Posts Tagged ‘humor’

I wrote a short story for a client, and it turned out really good. Then, after all was said and done, my client mentioned he stole the idea from the Internet.

If all you need to do is right-click on something, why be original? Creativity isn’t rewarded, it’s just copied. People who want to copy something because they like it, but don’t realize there’s a value there.

There’s an assumption that if it’s online, it should be free. If this was the case, no one would be making any money off their creations and you’d see much less of it online.

Anything can be ripped off. That’s why it’s even more important to be 100 percent original. Don’t fall into the easy trap of generating content mashed up from other people’s ideas. You won’t stand out. You’ll be exactly like everyone else who is doing it.

We don’t revere people like Steve Jobs because he copied other people. He got the respect he did because he created something new.

When anything can be copied off the internet the only thing I have is originality. People want original content, not the same old thing. That’s why, for instance, Charlie Sheen jokes got old very quickly.

My writing might not be much, but at least it’s my own.



Here’s my YouTube channel. You’ll find some very funny and some very wrong short films here:


When something as popular as Twilight invades pop culture the way it has, it’s not hard to write about it with at least a passing knowledge.

I recently wrote a parody of it for an animated sketch. Here’s the video. I hope you like it. But you should be warned there’s some disturbing footage in here:

cartoon parody

When I wrote this parody, there were certain truths I kept to:

1. It’s about the characters. A lot of people rip on Twilight because of the drama. However, the drama is what drew fans to the series. Critics whine that vampires and werewolves should be more visceral, not lingering in love triangles. So I played on that.

My parody is about a Twilight Saga: Breaking Dawn video game. So I made the first part of the gameplay about relationships, which I see as the strength (not the weakness) of the books.

2. Take it too far. Parodies work if you take it just far enough outside of the spectrum of what’s acceptable in the book’s real world. The second act of the video you’ll see just how far I pushed it.

3. Prey upon people’s preconceived notions. The interaction between Edward Cullen and Jacob at the end is based upon what pretty much every guy thinks Twilight is. It’s an easy joke, and I’m not proud.

4. End with a 180 degree change. The problem with some parodies is that they just keep doing the same joke over and over. So, I wanted to make sure the last thing my protagonist says is a surprise.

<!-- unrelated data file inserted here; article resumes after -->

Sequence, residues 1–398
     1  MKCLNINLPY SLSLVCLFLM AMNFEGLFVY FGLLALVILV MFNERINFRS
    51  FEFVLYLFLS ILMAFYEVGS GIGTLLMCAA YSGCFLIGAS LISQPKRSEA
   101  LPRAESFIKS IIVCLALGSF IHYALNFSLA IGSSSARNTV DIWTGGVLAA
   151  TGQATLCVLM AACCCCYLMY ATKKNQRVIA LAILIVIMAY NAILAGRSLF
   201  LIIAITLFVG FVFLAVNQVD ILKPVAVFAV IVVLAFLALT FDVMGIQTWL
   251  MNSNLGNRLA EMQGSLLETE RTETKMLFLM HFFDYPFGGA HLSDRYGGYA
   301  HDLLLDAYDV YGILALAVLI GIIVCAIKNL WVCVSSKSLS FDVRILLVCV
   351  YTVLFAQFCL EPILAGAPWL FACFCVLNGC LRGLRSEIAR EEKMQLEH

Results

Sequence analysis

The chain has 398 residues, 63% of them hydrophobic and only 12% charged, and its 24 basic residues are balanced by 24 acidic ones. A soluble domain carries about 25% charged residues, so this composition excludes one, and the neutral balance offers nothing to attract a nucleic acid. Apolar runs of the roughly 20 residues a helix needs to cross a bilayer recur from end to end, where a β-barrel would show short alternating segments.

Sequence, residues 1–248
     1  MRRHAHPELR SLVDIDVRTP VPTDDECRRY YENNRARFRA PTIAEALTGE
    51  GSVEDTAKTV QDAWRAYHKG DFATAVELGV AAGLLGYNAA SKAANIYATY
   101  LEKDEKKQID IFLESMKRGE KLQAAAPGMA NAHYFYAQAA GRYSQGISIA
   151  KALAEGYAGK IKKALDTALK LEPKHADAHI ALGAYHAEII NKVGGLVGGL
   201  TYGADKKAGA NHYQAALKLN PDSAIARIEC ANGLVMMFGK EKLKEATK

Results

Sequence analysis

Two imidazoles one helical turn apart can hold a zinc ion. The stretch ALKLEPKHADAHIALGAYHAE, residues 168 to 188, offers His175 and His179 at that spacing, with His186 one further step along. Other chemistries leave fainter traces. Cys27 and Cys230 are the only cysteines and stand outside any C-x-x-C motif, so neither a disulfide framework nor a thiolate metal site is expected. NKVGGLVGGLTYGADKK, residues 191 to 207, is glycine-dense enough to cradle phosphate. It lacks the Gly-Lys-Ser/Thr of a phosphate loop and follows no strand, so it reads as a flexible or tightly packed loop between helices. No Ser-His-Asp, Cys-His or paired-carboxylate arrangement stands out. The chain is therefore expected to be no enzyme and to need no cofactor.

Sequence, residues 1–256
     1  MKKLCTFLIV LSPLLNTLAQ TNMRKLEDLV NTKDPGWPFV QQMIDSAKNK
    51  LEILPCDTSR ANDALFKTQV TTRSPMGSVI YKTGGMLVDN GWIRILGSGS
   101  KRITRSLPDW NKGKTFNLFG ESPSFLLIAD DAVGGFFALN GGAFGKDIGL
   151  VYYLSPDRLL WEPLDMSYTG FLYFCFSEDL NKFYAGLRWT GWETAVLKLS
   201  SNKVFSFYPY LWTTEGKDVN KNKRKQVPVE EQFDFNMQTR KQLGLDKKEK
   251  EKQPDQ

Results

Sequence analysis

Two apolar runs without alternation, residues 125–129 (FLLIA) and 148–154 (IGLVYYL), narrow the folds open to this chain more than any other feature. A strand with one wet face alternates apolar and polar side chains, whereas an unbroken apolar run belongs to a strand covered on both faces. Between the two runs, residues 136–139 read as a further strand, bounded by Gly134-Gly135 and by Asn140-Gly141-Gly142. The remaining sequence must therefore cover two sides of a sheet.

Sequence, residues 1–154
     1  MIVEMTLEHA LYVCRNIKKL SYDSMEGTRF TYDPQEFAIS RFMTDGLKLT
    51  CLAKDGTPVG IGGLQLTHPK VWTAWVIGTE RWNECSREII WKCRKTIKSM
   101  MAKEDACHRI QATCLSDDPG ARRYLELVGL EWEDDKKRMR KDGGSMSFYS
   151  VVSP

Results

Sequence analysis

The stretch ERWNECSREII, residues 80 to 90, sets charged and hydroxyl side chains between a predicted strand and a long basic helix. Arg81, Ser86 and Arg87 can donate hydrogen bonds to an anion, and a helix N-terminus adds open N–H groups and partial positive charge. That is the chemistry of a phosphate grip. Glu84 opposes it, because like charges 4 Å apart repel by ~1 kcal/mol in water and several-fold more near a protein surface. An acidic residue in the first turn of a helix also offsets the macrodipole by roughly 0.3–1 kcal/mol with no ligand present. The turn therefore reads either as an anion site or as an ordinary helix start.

Just another horrible thought I’ve had:

This is true, by the way:





Just a silly thing I thought of.


This is a bizarre thought I had the other day. I always wonder why things turn out the way they do. This is just an extreme version of that.

Deep Thoughts

Posted: December 5, 2010 in All, Comedy, TV, YouTube
Tags: , , , , ,

I’ve been producing a series of web videos that I think are pretty funny, and all of them are under 30 seconds. So take a look. They’re kind of like Deep Thoughts by Jack Handey, or Old Fashioned Guy by The State.

Is it really unintentional humor?

When Scholastic publishes a book about collecting nuts in a nut sack, how could they not realize what they’re doing? Or a “Miss Spider” game with a terribly sexual version of Frogger?

Watch these videos and decide if these mistakes could be anything but intentional.

Get the Nuts

Inappropriate children’s products

Hot Milf Site…I Think…

Posted: March 2, 2010 in All, Comedy
Tags: ,

I found the hottest MILF site on the net. I think.

When you open, you are greeted by eight mothers, or actresses pretending to be mothers. It doesn’t really matter. They each say a token phrase. And then you get to choose which one you want to be with. The fact that the site appears to be sponsored by Kleenex pretty much guarantees that it’s a spank site, right?

You can click on links like “Choose a mom,” “Buy Kleenex tissue” and “See moms on film.” You even need to sign in and get a password. The cutest one is this little blond. A little too spunky for my tastes, but she’s young. Her kids are probably still at the age where she makes cookies for the class on their birthday. She says: “I always like to have fun and hang with my friends. And why should that stop because I’m a mom?” Giggity. There’s an Asian mom, and a Hispanic mom. The one who looks like Tootsie says “Hiiii cutieeee…” when you roll your mouse over her. I don’t know if it was the right thing to do, but I sure bought a lot of Kleenex after viewing this site.

You can find more silliness at:

A funny thing happened when I tried to send my humor book out to publishers.

First, I did my due diligence. I went to a book store, looked at books that were similar to mine, and wrote down the company names. I did my research.

Some of the companies seemed small and accessible, addressing a small niche. But when I looked them up online, they are really just a tentacle of some larger company. And that larger company doesn’t accept unsolicited submissions.

Everything seems to be an imprint of something else. I’m sure there was a financial reason behind this. And in today’s economy, you can do anything you want and say it’s a financial decision.

Three Rivers Press and Crown are through Random House, which is agent only. There’s an imprint called It through HarperCollins, and HarperCollins in general is agent only. Gotham is part of Penguin, which is agent only.

Black Dog and Leventhal is part of Workman Press. Lyons Press is part of Globe Pequot. These aren’t as big as the others.

Citadel, Seven Footer, Running Press, Ulysses, Cider Mill and Skyhorse seem to really be small publishers that are more open to new writers, as long as your work fits their bill.